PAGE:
No one, not even those who live it, can articulate the bond between fathers and daughters. It transcends words.
Then there are those who raise the gifted child, the athlete who blesses her dad with a perspective he never dreamed possible. But with that gift comes a terrifying responsibility.
“There is no manual for raising a girl who is a competitive golfer,” said Ken Stackhouse, an architect in Stockbridge, Georgia and the father of LPGA Tour player Mariah Stackhouse. “All I tried to do was always listen to Mariah. On that front, I think I did a pretty good job. I made sure she was always enjoying being a part of the game.”
It is such a delicate balance. Many times, a girl goes to the course because she wants to be close to her dad. Golf is a tool to earn some attention. Other times, it is the dad who follows his daughter to golf because she finds an aptitude and friends through the game.
The challenge is always how much the father should engage.
We’ve all seen bad golf dads – the guy giving his daughter lessons on every swing, backing her off shots because he’s convinced she’s not listening; the guy who is constantly talking through the pre-shot routine, and not attempting to hide his disdain at a miss; the guy who refers to every round, every event and every decision with the plural “we,” when he couldn’t win the second flight at his local club championship.
Those are the daughters who grow up to either hate golf or resent their fathers. Sometimes both.
And the men have no one to blame but themselves.
Ken Stackhouse was not that dad. From the time Mariah was 10 years old, her talent was obvious. She won at every level and had the kind of touch and instincts for the game that can’t be taught. Ken’s job was to cultivate and coach, to encourage and push when needed. But his main job, his hardest job, was not to screw things up.
“There were a lot of tournaments that we missed that I thought were important tournaments,” Ken said. “But as much as I thought Mariah ought to go play, I backed off because there was something else that she wanted to do. And I knew that if I insisted that she play, she would eventually start to resent golf. That was the worst thing that could happen. I never wanted that. My goal was to push just the right amount but always to listen to her so that she never resented what she was doing.”
Mariah grew up playing various courses south of Atlanta. At the Braelinn Golf Club about 20 minutes from their home, Ken would place balls in locations all around the chipping green and stand by as Mariah hit them all to a target – one after another, hour after hour. But Ken didn’t stand over her. He was there, but he was cognizant of his daughter’s space and needs. Often, he would make phone calls from the other side of the green, or shag balls without saying anything other than the occasional “good shot.”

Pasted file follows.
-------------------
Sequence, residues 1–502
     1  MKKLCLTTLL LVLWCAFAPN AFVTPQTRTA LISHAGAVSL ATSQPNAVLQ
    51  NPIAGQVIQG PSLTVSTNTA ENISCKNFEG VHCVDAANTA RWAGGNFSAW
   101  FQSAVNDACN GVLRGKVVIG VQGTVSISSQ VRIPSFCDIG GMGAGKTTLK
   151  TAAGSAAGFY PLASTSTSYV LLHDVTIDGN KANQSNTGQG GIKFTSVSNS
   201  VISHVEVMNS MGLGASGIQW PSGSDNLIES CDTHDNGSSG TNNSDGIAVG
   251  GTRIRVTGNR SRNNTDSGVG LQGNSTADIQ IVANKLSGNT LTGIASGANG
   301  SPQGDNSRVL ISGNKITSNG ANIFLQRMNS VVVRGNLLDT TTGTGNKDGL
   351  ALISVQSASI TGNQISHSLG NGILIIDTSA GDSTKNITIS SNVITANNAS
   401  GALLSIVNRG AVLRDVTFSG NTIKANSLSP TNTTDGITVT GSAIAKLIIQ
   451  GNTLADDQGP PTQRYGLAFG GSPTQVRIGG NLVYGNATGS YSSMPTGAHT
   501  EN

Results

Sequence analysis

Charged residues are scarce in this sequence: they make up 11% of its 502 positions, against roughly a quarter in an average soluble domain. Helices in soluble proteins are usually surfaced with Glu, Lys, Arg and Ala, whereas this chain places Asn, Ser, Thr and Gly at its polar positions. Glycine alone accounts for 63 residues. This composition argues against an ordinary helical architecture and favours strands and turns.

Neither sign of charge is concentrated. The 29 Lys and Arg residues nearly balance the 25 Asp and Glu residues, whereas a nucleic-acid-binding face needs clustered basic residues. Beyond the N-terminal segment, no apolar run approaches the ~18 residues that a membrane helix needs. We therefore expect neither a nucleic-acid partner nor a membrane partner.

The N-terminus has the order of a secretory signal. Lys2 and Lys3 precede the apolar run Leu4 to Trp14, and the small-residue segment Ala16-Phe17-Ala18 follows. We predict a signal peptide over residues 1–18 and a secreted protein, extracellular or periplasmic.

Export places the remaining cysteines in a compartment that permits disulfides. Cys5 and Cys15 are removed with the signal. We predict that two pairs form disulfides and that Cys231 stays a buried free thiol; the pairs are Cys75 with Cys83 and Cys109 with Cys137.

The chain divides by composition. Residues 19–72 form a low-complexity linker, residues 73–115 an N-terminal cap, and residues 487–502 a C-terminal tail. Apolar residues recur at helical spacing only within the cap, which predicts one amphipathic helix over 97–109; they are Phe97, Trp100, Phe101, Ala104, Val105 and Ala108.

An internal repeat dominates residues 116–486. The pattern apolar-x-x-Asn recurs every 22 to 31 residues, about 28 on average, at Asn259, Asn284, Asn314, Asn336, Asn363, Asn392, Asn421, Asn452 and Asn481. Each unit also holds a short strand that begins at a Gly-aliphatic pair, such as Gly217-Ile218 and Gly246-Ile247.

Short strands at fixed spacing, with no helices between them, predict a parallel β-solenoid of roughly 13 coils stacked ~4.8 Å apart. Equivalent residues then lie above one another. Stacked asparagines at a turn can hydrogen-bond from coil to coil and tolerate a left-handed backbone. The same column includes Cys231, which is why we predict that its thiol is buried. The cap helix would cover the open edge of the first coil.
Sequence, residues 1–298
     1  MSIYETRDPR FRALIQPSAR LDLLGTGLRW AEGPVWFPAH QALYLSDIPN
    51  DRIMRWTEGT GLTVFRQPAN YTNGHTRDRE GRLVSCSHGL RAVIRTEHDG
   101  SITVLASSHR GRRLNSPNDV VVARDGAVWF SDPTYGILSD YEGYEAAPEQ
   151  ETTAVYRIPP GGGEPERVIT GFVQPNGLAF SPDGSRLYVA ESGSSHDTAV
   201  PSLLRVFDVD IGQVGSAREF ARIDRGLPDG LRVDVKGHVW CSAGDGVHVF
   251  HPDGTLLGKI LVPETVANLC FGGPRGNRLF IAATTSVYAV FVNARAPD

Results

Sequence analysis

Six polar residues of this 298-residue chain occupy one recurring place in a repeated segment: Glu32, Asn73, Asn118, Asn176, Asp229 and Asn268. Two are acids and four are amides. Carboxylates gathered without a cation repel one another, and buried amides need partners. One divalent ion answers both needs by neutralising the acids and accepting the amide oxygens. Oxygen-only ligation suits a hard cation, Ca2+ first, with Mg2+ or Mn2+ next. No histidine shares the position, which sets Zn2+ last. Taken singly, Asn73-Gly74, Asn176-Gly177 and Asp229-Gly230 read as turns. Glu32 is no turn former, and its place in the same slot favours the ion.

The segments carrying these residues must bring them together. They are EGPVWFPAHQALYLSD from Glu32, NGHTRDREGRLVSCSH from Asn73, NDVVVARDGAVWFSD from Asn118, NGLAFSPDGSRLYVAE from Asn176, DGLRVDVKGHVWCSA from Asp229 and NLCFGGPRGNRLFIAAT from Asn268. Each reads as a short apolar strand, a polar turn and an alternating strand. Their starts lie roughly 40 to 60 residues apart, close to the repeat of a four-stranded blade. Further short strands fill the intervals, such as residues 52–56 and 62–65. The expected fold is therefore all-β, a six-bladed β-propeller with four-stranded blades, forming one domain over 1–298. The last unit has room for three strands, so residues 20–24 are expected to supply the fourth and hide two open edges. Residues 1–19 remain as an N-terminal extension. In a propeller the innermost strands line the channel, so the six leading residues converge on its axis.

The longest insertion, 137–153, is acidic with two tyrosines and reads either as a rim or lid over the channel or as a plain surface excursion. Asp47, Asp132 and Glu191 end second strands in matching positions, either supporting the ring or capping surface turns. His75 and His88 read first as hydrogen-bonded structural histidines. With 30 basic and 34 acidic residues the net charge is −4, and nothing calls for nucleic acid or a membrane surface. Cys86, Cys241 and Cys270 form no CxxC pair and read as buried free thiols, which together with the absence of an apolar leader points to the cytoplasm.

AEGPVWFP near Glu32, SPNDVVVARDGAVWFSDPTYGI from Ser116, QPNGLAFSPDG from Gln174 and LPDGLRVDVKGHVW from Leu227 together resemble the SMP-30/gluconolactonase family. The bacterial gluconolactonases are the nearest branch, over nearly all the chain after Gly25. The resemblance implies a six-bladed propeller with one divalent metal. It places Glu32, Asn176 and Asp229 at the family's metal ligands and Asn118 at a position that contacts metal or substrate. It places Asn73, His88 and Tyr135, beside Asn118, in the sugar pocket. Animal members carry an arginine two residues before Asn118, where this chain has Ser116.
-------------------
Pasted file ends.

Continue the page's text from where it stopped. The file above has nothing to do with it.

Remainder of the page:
“It’s important that they know you’re there,” he said. “But when they’re working on something or they’re practicing, it’s more important that they work on it themselves so that they own it. I always thought that if I showed Mariah what to do and then gave her the latitude, the process would become part of her routine. Lording over her was not my way. I was there but I also backed away.
“You have to give them the right to mess up.”
As the talented player progresses, the good dad knows that the day is coming when his role will change. Like walking her down the aisle, the time always comes when a father has to let go.
“Mariah told me without saying it, ‘hey, buddy, time for you to back up,’” Ken said. “When she got to college (at Stanford University, where Mariah led the Cardinal to its first Women’s Golf NCAA Championship title), she would tell me when it was time to go out and practice with her. If she asked, I knew she wanted me there. When she didn’t want me to help her, she would just go do it herself and never tell me. That’s when I knew.
“Even now, when the Tour is getting ready to ramp up, she sometimes asks me to go practice with her. When she doesn’t ask, I don’t go. You can’t force (the relationship) after a certain point. If you do, they feel it and it causes a breakdown.”
Ken is one of the good ones, a model for how to raise a gifted child into a fine athlete and extraordinary woman. And it all starts with one simple philosophy: “It’s much more important for me to have my daughter than to have a daughter who plays golf,” he said.
That isn’t always easy. But, as a father, it is the only way to ensure that you end up with both.